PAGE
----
Dill described the activity class as a training session, but also said it will be “a time of inspiration for them, to get some really good ideas, and kind of brainstorm more things they can do at their particular facility.”
On Wednesday evening from 6:30 to 8 p.m. and Thursday, Aug. 23 from 10 a.m. to noon, Dill will offer caregiver training to give a deeper understanding of dementia and its effects, to help caregivers understand what is happening to their loved ones. Topics will include behaviors, communication techniques, safety, caregiver stress and how caregivers can take care of themselves, and how caregivers can prepare for the future.
Dill said of dementia respite ministries like Grace Place, “I’m telling you, it’s the best ministry. It’s a ministry that every community needs. Every church needs to think about being a partner in this type of ministry because it’s so impactful to caregivers and the participants. They’re having a fun place to go play while their loved ones are getting a break.”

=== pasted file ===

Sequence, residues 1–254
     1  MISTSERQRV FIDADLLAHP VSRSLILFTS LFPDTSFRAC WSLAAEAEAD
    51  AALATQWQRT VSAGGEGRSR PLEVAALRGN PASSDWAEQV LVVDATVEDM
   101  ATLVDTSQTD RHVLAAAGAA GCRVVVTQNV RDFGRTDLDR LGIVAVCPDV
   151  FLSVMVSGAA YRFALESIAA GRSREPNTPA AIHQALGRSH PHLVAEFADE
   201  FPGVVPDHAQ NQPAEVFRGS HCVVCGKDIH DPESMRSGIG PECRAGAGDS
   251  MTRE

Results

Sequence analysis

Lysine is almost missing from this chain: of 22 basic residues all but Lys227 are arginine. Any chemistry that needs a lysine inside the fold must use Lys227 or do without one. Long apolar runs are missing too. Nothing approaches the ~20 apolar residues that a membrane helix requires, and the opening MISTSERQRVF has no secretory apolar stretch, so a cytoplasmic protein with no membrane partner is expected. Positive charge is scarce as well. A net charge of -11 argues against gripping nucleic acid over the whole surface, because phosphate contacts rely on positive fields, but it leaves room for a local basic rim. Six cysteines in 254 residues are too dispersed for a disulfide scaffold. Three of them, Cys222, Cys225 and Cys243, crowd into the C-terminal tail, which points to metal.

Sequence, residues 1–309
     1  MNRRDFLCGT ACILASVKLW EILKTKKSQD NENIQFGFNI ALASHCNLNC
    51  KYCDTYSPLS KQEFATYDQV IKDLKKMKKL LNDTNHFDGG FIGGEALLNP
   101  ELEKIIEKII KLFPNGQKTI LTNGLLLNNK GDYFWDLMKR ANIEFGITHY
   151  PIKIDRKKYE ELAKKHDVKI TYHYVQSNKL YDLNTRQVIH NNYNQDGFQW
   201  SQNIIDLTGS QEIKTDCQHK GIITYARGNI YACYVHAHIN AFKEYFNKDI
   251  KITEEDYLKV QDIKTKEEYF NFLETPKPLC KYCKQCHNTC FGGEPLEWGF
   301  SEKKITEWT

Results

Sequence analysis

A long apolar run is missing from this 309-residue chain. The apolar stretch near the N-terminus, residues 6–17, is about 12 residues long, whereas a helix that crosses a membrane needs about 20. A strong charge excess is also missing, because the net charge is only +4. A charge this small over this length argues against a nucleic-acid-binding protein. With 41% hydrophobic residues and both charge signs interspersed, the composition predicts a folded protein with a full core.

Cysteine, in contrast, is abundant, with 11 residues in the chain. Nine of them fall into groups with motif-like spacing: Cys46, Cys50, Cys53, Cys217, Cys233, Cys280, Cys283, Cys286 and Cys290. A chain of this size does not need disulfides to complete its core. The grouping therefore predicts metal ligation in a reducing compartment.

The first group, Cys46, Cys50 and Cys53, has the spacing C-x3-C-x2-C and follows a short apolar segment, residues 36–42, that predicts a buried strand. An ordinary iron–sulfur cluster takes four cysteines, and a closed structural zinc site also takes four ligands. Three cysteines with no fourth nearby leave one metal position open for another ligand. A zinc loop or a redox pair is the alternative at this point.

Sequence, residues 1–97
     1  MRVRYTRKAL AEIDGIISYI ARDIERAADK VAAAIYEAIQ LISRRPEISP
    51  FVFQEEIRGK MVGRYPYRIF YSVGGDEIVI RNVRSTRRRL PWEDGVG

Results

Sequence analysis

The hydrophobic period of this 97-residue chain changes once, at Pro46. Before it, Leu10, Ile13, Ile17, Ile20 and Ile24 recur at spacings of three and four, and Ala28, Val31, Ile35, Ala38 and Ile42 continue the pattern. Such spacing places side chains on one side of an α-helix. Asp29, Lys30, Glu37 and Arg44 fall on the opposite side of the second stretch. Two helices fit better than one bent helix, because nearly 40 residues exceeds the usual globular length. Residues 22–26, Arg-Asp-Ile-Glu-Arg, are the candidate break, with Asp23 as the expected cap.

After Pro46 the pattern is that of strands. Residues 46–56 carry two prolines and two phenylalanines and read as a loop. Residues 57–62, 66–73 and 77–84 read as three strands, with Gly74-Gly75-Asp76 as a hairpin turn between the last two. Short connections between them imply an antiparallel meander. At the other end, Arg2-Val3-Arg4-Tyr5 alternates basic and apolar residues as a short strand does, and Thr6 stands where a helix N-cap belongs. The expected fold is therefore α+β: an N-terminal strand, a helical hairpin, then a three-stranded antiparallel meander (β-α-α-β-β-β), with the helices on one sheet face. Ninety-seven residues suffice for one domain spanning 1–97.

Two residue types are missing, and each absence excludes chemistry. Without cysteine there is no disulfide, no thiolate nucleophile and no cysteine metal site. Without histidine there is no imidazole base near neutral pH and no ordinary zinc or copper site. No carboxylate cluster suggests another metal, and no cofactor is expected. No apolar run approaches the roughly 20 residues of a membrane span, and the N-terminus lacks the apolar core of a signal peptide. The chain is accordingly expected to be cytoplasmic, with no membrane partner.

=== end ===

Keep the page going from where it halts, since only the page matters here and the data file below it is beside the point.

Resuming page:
For more information on Robin Dill’s programs, visit https://rdillblogwalkingwithgrace.wordpress.com. Her “Walking with Grace” books are available through Amazon and other book distributors.
For more information on Grace Place and Cullman’s Caring for the Caregiver event, visit www.facebook.com/305ArnoldStreetNE/, or contact Jacob at email@example.com, 256-736-4260 or 256-338-6556.
Grace Place asks participants to please RSVP if they plan to attend.
At a glance
Caring for the Caregiver training, resource and support event for caregivers of persons with memory loss
Grace Episcopal Church, 305 Arnold St. NE, Cullman
These presentations are open to the public FREE OF CHARGE.
Continuing education credits (CEUs) available to nurses and social workers.
Please RSVP to Jerry Jacob at firstname.lastname@example.org, 256-736-4260 or 256-338-6556.